Every time “political polarization” comes up in a news cycle, my progressive Christian circles start discussing: How should churches deal with the supposed epidemic of polarization and division across the nation? In the face of deep disagreements within families and communities, what role does the church play in mediating differences?
In my view, churches often demonize polarization because they know disruption can lead to conflict and upset the status quo. For example, prior to the 2020 racial justice uprisings, some churches were hesitant to even say “Black Lives Matter” because some Christians perceived it as a polarizing issue.
But when we avoid clarity about justice because it seems “divisive,” we misunderstand the nature of Christian unity. Some churches seek to preserve an ideal of “loving” unity by avoiding conflict among their members. But what if the process of being in conflict is actually the way we faithfully live out Christian unity?
The Christian impulse to seek common ground is based on good intentions. At its idealized best, Christianity is about creating a community characterized by reconciliation and peace. But seeking “unity” in response to polarization when polarization is primarily driven by right-wing radicalization causes our imaginations of what is politically possible to shrink. There isn’t common ground to be found among human rights advocates and right-wing extremists who hold regressive positions on trans lives, systemic racism, and police violence — period. So, what can Christian communities invested in justice and reconciliation do to reframe the “polarization” conversation?
In How to Have an Enemy, Mennonite pastor Melissa Florer-Bixler wades into this conversation, writing about how Christians (should) engage with their enemies. She argues that “in Christianity we do not resolve enmity by destroying our foes or finding middle ground with them. Instead, Jesus ushers in a different system—a new way of living that changes the order of power itself.”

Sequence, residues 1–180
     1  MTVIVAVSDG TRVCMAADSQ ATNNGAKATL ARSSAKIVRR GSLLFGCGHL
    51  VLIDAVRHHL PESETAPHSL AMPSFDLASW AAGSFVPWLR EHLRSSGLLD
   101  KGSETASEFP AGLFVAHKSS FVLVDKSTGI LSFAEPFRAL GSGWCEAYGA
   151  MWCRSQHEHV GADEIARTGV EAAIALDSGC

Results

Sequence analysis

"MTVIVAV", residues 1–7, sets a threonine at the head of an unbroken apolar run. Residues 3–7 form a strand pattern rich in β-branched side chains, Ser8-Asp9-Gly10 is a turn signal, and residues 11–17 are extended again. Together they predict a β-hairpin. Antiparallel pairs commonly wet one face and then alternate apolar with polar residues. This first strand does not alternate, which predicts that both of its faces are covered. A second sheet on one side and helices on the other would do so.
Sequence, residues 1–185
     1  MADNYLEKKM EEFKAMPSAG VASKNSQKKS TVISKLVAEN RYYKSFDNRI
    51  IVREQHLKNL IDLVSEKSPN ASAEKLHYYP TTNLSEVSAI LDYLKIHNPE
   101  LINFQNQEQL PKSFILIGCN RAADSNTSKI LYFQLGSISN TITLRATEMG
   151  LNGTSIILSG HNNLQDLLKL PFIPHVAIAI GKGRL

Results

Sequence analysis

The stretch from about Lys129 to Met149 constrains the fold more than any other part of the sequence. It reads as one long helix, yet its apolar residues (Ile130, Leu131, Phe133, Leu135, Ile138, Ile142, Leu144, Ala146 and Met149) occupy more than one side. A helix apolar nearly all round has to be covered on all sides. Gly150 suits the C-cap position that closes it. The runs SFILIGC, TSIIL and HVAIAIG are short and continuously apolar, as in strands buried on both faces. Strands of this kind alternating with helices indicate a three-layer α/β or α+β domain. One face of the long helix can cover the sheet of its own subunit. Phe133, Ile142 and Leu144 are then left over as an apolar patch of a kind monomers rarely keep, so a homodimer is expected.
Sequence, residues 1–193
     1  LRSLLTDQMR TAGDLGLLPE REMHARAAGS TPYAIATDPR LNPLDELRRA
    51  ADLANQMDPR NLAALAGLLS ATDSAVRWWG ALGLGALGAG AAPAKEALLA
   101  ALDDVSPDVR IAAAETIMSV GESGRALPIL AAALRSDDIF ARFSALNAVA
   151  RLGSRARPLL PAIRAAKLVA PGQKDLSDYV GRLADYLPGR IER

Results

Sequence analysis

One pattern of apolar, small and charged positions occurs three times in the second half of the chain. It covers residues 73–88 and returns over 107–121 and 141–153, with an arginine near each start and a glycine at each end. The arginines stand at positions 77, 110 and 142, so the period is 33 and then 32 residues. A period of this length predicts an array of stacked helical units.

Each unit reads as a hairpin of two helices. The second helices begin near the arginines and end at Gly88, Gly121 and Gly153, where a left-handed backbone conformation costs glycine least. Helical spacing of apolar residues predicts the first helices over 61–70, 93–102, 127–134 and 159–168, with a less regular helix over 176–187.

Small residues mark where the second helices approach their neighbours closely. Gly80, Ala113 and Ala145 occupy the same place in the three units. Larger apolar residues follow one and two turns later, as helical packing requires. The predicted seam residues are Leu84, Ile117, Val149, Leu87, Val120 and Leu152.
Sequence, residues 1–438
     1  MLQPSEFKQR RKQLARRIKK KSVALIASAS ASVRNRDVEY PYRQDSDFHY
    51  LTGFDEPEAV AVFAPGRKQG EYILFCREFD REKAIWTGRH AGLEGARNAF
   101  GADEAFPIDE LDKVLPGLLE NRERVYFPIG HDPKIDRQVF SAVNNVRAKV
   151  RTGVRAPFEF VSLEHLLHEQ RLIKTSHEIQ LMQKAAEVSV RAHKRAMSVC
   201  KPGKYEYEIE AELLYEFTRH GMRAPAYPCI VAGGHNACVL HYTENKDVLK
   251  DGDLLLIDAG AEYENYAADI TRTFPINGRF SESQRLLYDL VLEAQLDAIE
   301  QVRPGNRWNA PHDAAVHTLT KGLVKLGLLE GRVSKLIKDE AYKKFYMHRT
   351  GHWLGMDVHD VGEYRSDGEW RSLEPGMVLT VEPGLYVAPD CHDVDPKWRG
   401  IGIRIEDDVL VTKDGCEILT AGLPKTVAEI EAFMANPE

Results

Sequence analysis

The church is a site of compassionate contention that aims to engage conflict to bring about Jesus’ “different system.” Instead of seeking unity in response to polarization, the Christian response should be to encourage the type of healthy conflict that characterized the early church, especially in its arguments over how to extend its ministry and community to Gentiles (Acts 15). While those conflicts could be fierce, the New Testament offers an example of differences being grounded in a common call to justice.
Paul writes in Galatians 2:9-10 that in his conversation with church leaders in Jerusalem, they agreed that Paul would continue evangelization to the Gentiles, while Peter’s ministry focused on Jews. But then Paul adds this: “They asked only one thing, that we remember the poor, which was actually what I was eager to do” (v. 10). In other words, in the face of the “polarizing” conflict about how to welcome Gentiles into the church, different varieties of work were supported but all were driven by the common value of “remembering the poor.”
Christian unity, as Florer-Bixler also notes, isn’t a static state of peace but rather a dynamic state of change. Reconciliation isn’t a goal to be reached, but a process that prioritizes justice for the poor. Through the cultivation of safety, trust, and love, healthy conflicts can be navigated in ways that strengthen rather than destroy communities. We love our enemies by engaging in this process of unifying conflict.